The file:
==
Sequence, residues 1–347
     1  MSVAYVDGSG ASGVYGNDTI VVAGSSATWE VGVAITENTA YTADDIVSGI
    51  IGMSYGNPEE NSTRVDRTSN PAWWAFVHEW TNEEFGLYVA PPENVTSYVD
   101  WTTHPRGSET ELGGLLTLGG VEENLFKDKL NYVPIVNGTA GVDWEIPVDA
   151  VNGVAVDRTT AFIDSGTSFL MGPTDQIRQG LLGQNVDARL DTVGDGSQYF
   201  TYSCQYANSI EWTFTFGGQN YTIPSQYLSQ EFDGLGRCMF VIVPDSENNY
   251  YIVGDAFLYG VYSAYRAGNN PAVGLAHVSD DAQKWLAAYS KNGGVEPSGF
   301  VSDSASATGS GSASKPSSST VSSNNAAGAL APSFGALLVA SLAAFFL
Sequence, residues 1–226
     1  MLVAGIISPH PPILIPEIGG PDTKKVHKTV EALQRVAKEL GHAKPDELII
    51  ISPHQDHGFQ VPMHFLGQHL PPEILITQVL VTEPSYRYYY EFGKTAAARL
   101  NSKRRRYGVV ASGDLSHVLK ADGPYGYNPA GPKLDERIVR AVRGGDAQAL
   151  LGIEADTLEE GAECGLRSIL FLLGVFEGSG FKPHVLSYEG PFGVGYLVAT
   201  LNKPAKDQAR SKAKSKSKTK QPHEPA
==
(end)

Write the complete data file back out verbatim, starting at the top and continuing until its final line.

Sequence, residues 1–347
     1  MSVAYVDGSG ASGVYGNDTI VVAGSSATWE VGVAITENTA YTADDIVSGI
    51  IGMSYGNPEE NSTRVDRTSN PAWWAFVHEW TNEEFGLYVA PPENVTSYVD
   101  WTTHPRGSET ELGGLLTLGG VEENLFKDKL NYVPIVNGTA GVDWEIPVDA
   151  VNGVAVDRTT AFIDSGTSFL MGPTDQIRQG LLGQNVDARL DTVGDGSQYF
   201  TYSCQYANSI EWTFTFGGQN YTIPSQYLSQ EFDGLGRCMF VIVPDSENNY
   251  YIVGDAFLYG VYSAYRAGNN PAVGLAHVSD DAQKWLAAYS KNGGVEPSGF
   301  VSDSASATGS GSASKPSSST VSSNNAAGAL APSFGALLVA SLAAFFL
Sequence, residues 1–226
     1  MLVAGIISPH PPILIPEIGG PDTKKVHKTV EALQRVAKEL GHAKPDELII
    51  ISPHQDHGFQ VPMHFLGQHL PPEILITQVL VTEPSYRYYY EFGKTAAARL
   101  NSKRRRYGVV ASGDLSHVLK ADGPYGYNPA GPKLDERIVR AVRGGDAQAL
   151  LGIEADTLEE GAECGLRSIL FLLGVFEGSG FKPHVLSYEG PFGVGYLVAT
   201  LNKPAKDQAR SKAKSKSKTK QPHEPA